eNewsroom for: Bruce Bonafede

Bruce Bonafede was born and grew up in Babylon, New York, a small town on the south shore of Long Island. At the time this was part of the United States, and still is. After high school Bonafede attended Union College in upstate New York, where he was victimized by America’s 1960s drug culture. As a result, he knows he left school before graduation, but is unsure of the exact date. After college he drifted for several years, eventually ending up on a beach in Florida. Once back on dry land he made his way to Washington DC, where he took a job in Corporate America and studied playwriting at New Playwrights Theatre. His drama Advice to the Players won the prestigious Heideman Award at the prestigious Humana Festival of New American Plays at the prestigious Actors Theatre of Louisville during the prestigious 1984/85 season. It was published by Samuel French, prestigious play publishers, and included in the anthology Best Short Plays – 1986. All this was very prestigious. Like any critically successful dramatist, Bonafede soon moved to California to write for television. Instead, he began a more than 25-year career in Public Relations, which for all its flaws is not a bad way for someone with a sense of humor to make a living. Nobody Knows My Name by Anonymous is his first humor book. He is currently collecting material for his next work, Ernest Hemingway’s Big Book of Practical Jokes. He lives in Southern California because somebody has to.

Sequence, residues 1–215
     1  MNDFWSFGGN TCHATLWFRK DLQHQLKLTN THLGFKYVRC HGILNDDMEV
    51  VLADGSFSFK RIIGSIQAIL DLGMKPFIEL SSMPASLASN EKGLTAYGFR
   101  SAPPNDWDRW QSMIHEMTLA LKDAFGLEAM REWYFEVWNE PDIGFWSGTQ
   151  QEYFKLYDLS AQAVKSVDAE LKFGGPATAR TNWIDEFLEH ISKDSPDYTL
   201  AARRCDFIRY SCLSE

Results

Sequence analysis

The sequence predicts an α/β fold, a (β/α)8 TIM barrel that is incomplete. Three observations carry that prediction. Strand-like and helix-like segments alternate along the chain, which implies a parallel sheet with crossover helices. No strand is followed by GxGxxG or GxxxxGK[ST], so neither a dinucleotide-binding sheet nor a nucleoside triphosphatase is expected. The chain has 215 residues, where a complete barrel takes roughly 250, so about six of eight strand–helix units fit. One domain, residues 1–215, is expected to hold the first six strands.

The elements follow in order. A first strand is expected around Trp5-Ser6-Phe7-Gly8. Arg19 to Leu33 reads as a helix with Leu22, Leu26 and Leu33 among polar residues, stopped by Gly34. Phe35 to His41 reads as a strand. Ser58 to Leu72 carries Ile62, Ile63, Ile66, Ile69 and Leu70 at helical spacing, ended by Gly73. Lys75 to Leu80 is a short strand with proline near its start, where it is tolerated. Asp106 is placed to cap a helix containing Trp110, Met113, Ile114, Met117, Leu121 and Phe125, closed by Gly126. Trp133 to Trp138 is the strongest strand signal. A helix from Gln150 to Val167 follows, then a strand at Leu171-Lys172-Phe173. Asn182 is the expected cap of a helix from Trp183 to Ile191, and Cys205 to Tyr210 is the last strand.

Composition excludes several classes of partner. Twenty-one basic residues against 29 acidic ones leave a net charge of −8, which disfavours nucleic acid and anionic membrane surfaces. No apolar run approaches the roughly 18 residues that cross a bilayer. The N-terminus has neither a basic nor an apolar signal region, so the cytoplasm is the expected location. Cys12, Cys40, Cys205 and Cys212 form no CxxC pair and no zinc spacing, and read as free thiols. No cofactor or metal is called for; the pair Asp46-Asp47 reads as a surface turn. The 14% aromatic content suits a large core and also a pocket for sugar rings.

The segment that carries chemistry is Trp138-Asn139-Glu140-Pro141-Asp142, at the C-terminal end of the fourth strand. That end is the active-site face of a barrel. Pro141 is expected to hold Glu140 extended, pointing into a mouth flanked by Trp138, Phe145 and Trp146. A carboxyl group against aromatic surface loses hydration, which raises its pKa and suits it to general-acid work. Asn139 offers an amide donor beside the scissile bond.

News from Bruce Bonafede:

New Humorous Book Asks Why Everyone Isn't Famous

PALM SPRINGS, Calif., Sept. 12, 2013 /PRNewswire/ — "The artist formerly known as Andy Warhol once famously said that at some point in the future everybody would be famous for fifteen minutes. That was decades ago, and I'm still waiting. In fact, I've been waiting so long now I&#…